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Life’s Purpose Rests in Brain’s Drive to Extract Meaning From the World

A new article questions what gives us purpose in life? Researchers speculate it is our drive to extract meaning from the world around us.

What is the purpose of life? Whatever you may think is the answer, you might, from time to time at least, find your own definition unsatisfactory. After all, how can one say why any living creature is on Earth in just one simple phrase?

For me, looking back on 18 years of research into how the human brain handles language, there seems to be only one, solid, resilient thread that prevails over all others. Humanity’s purpose rests in the spectacular drive of our minds to extract meaning from the world around us.


Read also: Life’s purpose rests in our mind’s spectacular drive to extract meaning from the world

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The Emergence and Representation of Knowledge about Social and Nonsocial Hierarchies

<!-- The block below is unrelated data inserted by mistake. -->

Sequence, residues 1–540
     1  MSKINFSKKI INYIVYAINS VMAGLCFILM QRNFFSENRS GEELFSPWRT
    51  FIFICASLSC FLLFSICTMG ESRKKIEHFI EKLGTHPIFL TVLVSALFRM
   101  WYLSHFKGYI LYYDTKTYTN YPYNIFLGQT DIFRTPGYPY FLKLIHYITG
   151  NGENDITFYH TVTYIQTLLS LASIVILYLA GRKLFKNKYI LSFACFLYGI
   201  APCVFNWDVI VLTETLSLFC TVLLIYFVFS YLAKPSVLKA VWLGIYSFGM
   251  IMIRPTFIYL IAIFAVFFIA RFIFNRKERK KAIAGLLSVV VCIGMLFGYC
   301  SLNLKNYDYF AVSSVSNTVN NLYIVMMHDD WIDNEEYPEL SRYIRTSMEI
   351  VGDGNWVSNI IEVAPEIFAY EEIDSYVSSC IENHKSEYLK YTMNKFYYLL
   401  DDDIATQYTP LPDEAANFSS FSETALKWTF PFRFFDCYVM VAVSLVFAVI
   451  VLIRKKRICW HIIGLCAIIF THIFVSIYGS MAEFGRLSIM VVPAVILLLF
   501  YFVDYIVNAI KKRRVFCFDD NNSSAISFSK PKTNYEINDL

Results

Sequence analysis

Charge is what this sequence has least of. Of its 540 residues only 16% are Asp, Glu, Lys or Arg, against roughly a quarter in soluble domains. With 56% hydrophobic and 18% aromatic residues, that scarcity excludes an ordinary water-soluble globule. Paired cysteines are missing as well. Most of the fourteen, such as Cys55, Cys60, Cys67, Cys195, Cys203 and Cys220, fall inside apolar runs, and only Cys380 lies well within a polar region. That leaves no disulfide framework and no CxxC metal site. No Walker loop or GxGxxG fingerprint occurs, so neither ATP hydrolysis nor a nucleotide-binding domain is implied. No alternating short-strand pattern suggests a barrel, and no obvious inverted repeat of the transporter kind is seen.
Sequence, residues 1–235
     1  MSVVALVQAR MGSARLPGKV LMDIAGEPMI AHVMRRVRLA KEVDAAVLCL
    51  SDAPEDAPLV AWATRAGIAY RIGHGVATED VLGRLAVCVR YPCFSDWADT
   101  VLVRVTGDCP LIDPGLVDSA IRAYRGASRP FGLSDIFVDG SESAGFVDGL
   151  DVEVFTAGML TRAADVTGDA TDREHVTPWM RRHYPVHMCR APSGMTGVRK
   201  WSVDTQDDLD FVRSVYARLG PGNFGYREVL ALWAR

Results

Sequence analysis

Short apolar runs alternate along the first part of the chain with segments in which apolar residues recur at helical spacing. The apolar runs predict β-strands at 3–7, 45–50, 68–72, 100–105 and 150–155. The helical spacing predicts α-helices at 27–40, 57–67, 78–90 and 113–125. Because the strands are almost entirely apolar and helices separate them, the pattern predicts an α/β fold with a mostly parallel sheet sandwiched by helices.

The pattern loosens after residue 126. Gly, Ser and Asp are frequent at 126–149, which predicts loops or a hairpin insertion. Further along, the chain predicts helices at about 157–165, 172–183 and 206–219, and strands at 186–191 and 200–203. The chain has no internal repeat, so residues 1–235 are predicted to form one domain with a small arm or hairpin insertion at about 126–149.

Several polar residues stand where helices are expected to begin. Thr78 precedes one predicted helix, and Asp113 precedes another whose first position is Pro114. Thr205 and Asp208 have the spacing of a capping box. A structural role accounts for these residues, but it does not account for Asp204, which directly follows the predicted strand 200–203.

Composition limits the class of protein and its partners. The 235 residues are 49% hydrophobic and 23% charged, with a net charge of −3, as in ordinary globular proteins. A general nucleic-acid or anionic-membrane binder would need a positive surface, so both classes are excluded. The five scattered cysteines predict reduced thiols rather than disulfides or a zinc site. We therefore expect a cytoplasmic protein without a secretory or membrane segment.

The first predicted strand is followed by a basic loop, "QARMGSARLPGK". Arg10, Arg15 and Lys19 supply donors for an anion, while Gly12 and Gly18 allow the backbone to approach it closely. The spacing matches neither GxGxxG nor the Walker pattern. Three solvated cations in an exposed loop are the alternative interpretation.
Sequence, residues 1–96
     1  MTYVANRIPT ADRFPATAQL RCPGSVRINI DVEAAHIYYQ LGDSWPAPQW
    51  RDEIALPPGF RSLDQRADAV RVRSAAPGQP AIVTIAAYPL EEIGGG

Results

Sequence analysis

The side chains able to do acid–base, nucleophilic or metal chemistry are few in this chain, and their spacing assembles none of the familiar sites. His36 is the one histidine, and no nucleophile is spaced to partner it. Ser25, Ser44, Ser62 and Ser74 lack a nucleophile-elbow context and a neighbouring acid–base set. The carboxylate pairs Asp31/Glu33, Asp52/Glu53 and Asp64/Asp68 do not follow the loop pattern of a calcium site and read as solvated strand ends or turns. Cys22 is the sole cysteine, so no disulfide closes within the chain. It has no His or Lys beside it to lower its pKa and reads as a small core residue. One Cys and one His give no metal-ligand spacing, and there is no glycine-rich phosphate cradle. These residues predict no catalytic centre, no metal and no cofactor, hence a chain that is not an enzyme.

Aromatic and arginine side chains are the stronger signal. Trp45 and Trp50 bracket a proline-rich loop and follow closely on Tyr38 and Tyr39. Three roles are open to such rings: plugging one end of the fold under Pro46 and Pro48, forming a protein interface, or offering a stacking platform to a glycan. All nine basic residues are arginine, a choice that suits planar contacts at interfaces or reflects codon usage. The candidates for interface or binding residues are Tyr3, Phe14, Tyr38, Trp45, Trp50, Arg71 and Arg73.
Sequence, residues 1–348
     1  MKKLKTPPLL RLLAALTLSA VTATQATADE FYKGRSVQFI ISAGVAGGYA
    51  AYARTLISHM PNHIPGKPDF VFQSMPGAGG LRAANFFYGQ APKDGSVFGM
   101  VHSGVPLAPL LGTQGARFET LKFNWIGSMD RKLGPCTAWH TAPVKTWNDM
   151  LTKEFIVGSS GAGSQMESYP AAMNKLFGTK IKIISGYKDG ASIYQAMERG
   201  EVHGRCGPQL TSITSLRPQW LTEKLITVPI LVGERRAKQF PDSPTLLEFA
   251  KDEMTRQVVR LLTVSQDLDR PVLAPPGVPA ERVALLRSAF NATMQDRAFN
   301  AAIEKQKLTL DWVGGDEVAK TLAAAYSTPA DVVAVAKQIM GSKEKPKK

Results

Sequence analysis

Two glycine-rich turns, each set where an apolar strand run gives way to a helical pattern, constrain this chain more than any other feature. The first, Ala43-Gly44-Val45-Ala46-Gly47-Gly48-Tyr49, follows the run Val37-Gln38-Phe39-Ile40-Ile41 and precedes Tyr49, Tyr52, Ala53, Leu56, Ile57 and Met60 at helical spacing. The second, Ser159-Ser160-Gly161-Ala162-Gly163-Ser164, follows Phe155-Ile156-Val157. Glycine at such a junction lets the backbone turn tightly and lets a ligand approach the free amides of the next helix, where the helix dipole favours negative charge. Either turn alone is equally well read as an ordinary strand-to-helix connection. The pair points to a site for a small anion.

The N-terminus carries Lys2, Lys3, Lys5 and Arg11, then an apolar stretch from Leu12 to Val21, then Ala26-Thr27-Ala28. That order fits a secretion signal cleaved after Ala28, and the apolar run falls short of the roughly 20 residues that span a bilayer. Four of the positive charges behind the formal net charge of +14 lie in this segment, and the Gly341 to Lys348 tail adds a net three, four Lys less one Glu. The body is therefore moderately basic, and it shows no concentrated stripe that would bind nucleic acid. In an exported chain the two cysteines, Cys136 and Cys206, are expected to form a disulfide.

Primates are remarkably adept at ranking each other within social hierarchies, a capacity that is critical to successful group living. Surprisingly little, however, is understood about the neurobiology underlying this quintessential aspect of primate cognition. In our experiment, participants first acquired knowledge about a social and a nonsocial hierarchy and then used this information to guide investment decisions. We found that neural activity in the amygdala tracked the development of knowledge about a social, but not a nonsocial, hierarchy. Further, structural variations in amygdala gray matter volume accounted for interindividual differences in social transitivity performance. Finally, the amygdala expressed a neural signal selectively coding for social rank, whose robustness predicted the influence of rank on participants’ investment decisions. In contrast, we observed that the linear structure of both social and nonsocial hierarchies was represented at a neural level in the hippocampus. Our study implicates the amygdala in the emergence and representation of knowledge about social hierarchies and distinguishes the domain-general contribution of the hippocampus